The German region of Saxony is styling itself as “Robot Valley” and has launched a festival to highlight robotics clusters in the cities of Dresden and Chemnitz.
Authorities in the region say that Robot Valley Saxony has established itself as a robotics location “of supra-regional importance”.
They say the region plays a vital role in a variety of sectors, from novel robotics applications in medicine to small and medium-sized enterprises and the skilled trades, and sniff bots for hazardous areas or the 80 robots working on the new Volkswagen ID4.
Especially in the interaction of its uniquely strong microelectronics, mechanical engineering and software competencies, Saxony is putting itself on the world map of robot technologies.
University spin-offs and young robotics start-ups contribute to this just as much as established automation companies.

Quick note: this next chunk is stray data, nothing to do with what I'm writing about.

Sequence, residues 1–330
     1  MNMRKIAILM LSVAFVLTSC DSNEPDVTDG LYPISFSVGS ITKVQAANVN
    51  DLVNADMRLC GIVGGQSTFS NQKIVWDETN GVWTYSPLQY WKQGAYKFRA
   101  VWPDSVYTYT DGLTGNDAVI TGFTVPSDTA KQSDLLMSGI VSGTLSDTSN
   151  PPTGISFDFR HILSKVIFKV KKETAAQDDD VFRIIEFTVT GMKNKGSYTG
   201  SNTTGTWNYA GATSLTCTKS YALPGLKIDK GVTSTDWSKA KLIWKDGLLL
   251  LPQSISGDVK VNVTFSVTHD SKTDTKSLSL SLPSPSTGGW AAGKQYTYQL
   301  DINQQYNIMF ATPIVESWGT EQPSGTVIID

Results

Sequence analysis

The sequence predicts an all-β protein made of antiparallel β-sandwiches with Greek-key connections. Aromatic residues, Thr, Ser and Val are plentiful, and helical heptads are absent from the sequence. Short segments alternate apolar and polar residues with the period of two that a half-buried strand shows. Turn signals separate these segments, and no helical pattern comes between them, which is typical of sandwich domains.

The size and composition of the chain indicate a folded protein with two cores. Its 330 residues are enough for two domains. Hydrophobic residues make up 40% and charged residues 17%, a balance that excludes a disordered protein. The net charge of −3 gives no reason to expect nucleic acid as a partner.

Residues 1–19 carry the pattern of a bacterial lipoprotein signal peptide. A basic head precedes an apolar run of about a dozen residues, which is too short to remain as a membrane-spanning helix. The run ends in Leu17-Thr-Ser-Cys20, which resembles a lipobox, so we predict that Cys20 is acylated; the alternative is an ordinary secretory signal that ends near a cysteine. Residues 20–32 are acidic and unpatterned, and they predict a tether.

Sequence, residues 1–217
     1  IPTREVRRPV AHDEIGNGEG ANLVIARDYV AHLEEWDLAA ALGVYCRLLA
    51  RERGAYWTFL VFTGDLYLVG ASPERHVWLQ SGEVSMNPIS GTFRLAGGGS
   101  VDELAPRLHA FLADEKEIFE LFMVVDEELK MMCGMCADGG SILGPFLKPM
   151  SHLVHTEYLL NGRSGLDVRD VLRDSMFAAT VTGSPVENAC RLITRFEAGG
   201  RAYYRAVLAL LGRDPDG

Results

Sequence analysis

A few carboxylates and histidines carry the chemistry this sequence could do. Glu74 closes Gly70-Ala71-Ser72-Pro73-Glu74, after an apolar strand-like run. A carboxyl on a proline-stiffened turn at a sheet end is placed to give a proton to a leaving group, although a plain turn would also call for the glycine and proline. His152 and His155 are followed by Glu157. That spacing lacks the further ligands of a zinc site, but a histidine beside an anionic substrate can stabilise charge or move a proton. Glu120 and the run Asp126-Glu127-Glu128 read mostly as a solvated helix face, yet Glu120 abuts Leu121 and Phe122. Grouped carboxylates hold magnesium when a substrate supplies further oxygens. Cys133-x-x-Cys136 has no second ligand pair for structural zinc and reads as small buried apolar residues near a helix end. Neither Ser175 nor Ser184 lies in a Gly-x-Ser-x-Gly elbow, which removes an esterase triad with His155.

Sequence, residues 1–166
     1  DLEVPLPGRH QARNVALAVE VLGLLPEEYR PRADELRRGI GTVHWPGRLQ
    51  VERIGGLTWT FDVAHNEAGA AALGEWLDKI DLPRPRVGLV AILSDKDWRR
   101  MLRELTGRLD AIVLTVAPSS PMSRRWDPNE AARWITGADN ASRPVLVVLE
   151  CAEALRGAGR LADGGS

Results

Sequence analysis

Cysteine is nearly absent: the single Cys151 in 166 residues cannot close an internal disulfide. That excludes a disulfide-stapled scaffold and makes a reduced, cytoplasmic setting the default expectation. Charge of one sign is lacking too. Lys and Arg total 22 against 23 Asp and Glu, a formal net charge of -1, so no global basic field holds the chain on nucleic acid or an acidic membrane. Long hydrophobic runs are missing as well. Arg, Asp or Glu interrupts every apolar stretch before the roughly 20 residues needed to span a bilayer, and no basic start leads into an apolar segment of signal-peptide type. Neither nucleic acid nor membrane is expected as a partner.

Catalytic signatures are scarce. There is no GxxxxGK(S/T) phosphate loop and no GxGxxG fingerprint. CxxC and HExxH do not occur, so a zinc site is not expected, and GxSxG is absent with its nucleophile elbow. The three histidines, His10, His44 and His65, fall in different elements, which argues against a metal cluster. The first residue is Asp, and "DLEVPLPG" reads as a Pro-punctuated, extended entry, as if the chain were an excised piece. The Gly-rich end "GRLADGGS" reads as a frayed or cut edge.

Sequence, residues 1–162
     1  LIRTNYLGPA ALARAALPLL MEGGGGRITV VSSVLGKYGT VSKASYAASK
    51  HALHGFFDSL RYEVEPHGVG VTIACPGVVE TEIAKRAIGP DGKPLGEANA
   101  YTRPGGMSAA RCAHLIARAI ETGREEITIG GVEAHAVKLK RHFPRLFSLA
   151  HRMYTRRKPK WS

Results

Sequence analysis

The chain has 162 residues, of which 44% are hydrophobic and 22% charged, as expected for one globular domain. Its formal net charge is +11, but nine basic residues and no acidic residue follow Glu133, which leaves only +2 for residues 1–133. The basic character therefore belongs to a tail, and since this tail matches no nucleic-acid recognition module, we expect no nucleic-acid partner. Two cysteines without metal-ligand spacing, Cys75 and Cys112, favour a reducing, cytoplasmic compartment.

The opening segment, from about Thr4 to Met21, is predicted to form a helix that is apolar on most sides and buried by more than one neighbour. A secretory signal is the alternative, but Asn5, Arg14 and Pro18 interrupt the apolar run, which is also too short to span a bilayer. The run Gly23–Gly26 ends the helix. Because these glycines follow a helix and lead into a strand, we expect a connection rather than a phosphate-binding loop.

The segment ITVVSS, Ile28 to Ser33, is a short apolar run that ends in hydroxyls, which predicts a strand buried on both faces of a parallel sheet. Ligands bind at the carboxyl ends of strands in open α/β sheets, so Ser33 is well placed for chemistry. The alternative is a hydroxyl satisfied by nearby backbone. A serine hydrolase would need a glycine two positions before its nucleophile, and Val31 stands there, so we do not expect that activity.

Technology players such as Wandelbots, Xenon, Fabmatics or R&D institutes such as the Fraunhofer IWU or the CETI produce highly regarded innovations.
Chemnitz, as the heart of Saxony’s mechanical engineering sector, contributes production technology expertise in particular and is a center of excellence for so-called “smart systems”.
Dresden as the nucleus of “Silicon Saxony” offers special conditions for producing both software and highly reliable chips for new types of robots.
And the players in “Autoland Saxony” – one of the top 5 automotive locations in Germany with ultra-modern plants of VW, BMW and Porsche – are driving the development of individualized, highly efficient robotics solutions decisively as demanding users.
With the first international Dresden Robotics Festival, the innovation region once again underscores its claim and ability to decisively shape the future of the growth industry robotics as one of the key industries for future value creation.
From September 15 to 22, the international robotics scene from industry, research and new business will meet here.
The 350 participants and 60 international speakers will include globally active robotics manufacturers such as Fanuc and Siemens, Stäubli, Yaskawa, as well as leading scientists from Stanford University, Sweden and Asia.